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4 of 4 people found the following review helpful By Juliana Smith on October 25, 2007
Format: Hardcover
Who says gardening is a gentle hobby? In "Backyard Giants," Ms. Warren takes us on a journey through the passionate and far-from-gentle world of competitive pumpkin growing. With a masterful eye for the telling detail and a narrative voice that sweeps the reader into this unusual world from the very first page, this is delightful and eye-opening read -- especially for those who've never wielded pruning shears or pored through garden catalogues at night.
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4 of 4 people found the following review helpful By LDJ on September 8, 2007
Format: Hardcover
...about the thrills and perils of gardening--in this case behemoth gourds. But absolutely enthralling for anyone who gardens, from dabblers with pots of herbs on window sills to master gardeners with acres of land to cultivate.
The talented author spins a saga covering a year in the life of obsessive gardeners, and paints colorful and intriguing portraits of folks across the country who are addicted to growing gargantuan pumpkins!
Funny, insightful and chock full of useful horticultural techniques and information.
I frequently laughed at the ridiculousness of the whole thing yet was occasionally moved by the dedication of those pursuing this extraordinary hobby. Quite an amazing book.
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3 of 3 people found the following review helpful By stormrat on February 9, 2008
Format: Hardcover
I had a great time reading this book. I too grow pumpkins and had a hard time setting this book down. Easy to read and gives a real behind the scenes on this sport, showing that growers have lives outside of pumpkin growing as well. If you want to grow a giant pumpkin yourself this book won't give you much for information on that topic. It is meant for more the humanity side of things.
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3 of 3 people found the following review helpful By J. Miller on September 26, 2007
Format: Hardcover
I didn't know much about giant pumpkin growing going into this book, but am now fascinated. I probably won't start growing myself, but I highly recommend Backyard Giants. Yes, it's about pumpkins, but it's also about the people who voluntarily slave over them. Great read.
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2 of 2 people found the following review helpful By Spice on June 26, 2008
Format: Hardcover
I loved this book! I laughed, I cried, I cheered (well, not really-I was on a plane and didn't want to create a ruckus, but in my mind I was standing up and cheering!). This book offered a lot of interesting information-who knew pumpkins could grow up to 40 lbs. A DAY??-while following the attempts of various growers to reach the ultimate goal in giant pumpkin growing, a 1500 lb. pumpkin. Easy reading, informative, and a good conversation starter when you need to make small talk.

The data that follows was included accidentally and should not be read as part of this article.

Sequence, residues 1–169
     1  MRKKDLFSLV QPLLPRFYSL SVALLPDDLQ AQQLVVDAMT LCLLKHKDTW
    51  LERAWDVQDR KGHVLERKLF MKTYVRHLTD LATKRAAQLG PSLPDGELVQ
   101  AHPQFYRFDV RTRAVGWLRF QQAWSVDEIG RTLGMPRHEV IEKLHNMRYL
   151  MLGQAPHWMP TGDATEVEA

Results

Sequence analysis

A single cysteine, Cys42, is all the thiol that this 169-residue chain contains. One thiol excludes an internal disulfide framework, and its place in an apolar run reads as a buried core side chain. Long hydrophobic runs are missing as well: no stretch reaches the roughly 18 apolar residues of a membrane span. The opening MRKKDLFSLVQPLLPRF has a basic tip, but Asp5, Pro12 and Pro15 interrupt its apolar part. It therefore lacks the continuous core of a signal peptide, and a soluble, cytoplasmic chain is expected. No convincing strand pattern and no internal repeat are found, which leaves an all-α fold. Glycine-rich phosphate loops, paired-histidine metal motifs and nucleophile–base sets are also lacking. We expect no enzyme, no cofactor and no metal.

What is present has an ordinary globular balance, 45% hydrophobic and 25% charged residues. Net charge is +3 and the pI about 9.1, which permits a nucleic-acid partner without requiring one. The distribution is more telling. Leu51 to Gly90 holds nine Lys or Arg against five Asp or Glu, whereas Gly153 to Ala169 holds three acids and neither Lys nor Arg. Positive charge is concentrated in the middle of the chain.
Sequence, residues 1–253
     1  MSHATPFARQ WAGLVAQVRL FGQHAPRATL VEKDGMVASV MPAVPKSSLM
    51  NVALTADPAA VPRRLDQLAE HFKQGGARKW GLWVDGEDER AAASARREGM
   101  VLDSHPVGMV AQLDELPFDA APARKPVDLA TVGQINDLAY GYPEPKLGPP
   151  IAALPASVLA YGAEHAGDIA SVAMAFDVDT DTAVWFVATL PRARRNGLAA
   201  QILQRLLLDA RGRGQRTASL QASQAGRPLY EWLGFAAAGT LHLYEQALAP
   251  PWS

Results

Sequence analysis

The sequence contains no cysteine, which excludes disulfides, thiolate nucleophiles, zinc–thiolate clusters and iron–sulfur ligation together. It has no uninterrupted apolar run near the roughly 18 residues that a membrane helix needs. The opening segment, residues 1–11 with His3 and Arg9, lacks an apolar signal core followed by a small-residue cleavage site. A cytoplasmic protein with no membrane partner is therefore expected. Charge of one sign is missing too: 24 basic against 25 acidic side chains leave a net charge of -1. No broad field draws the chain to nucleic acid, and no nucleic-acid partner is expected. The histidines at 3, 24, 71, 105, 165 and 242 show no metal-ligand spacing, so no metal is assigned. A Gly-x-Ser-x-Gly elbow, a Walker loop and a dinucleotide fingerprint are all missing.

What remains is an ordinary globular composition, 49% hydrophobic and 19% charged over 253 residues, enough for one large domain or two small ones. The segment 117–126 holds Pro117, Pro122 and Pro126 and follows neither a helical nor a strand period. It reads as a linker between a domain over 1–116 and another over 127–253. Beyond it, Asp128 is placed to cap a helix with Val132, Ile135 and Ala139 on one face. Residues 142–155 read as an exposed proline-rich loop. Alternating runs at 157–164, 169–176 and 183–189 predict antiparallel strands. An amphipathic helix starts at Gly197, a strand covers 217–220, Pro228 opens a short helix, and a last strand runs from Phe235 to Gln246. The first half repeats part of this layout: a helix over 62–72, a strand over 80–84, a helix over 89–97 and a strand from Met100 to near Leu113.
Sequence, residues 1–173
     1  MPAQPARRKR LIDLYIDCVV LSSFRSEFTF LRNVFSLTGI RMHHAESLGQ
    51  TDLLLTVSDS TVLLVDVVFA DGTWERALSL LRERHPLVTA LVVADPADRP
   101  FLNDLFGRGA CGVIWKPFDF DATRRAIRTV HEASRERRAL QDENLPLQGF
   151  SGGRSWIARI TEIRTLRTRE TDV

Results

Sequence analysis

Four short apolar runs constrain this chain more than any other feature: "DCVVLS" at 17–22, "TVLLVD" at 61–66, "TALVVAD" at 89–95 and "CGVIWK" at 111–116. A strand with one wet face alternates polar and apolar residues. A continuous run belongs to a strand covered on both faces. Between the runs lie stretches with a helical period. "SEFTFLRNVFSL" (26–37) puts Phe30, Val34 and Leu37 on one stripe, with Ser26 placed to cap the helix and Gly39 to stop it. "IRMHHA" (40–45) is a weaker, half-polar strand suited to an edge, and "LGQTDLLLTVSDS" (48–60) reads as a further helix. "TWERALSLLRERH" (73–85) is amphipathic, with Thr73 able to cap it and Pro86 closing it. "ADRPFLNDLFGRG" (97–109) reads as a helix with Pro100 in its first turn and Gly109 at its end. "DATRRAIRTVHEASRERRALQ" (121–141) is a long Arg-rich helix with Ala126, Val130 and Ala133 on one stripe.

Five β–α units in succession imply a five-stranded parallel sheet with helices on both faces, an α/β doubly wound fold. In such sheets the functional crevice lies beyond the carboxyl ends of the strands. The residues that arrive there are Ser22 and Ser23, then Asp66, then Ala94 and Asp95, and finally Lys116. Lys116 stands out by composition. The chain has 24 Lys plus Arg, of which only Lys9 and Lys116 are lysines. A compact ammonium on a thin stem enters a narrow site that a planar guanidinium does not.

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2 of 2 people found the following review helpful By Jerry Rogers on October 22, 2007
Format: Hardcover Verified Purchase
This should be a must read for new growers considering trying their hand at growing giant pumpkins at the competitive level. There's no shortcuts and even if you do everything right, there's no sure bet you will have a pumpkin to show at the end of the season. Such is the case with many of the veteran growers who are profiled in this book. But the glory that comes with a ribbon winning giant keeps them pushing on past the disappointments.

I enjoyed getting a more personal view of the famous growers you will see on the top list of winners and in the books by Don Langevin.
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1 of 1 people found the following review helpful By ellison on January 26, 2012
Format: Hardcover
Perhaps one of the best books I have ever read. Big on adjectives and better for it the story follows Ron (son) and Dick (dad) Wallace as they aspire to grow the biggest pumpkin of all-time. Tells of the previous year when their hoped-for pumpkin rotted from the inside.

They decided to purchase property that was for sale next door to their home and with their fellow pumpkin growers they cleared the timber, fertilized and began preperation for the coming growing season.

They selected certain seeds which are named based on the pumpkins they come from. The germination is explained and then the seeds are eventually placed in the ground. Meanwhile their fellow growers are mentioned as well as growers from across the country. A bunch of work must have gone into this and then be pared down to what it is.

Each chapter is titled. There are several references to the web-site 'BigPumpkins.com' about comments left there which are insightful. Adversaries to growing the fruit consist of bugs, animals, disease, and occasionally people.

A quality read all the way around. Similar to Killer Stuff and Tons of Money: Seeking History and Hidden Gems in Flea-Market America andMoneyball for its insider look at a culture you may not know exists, and if you do know about it, you did not know this much about it until now.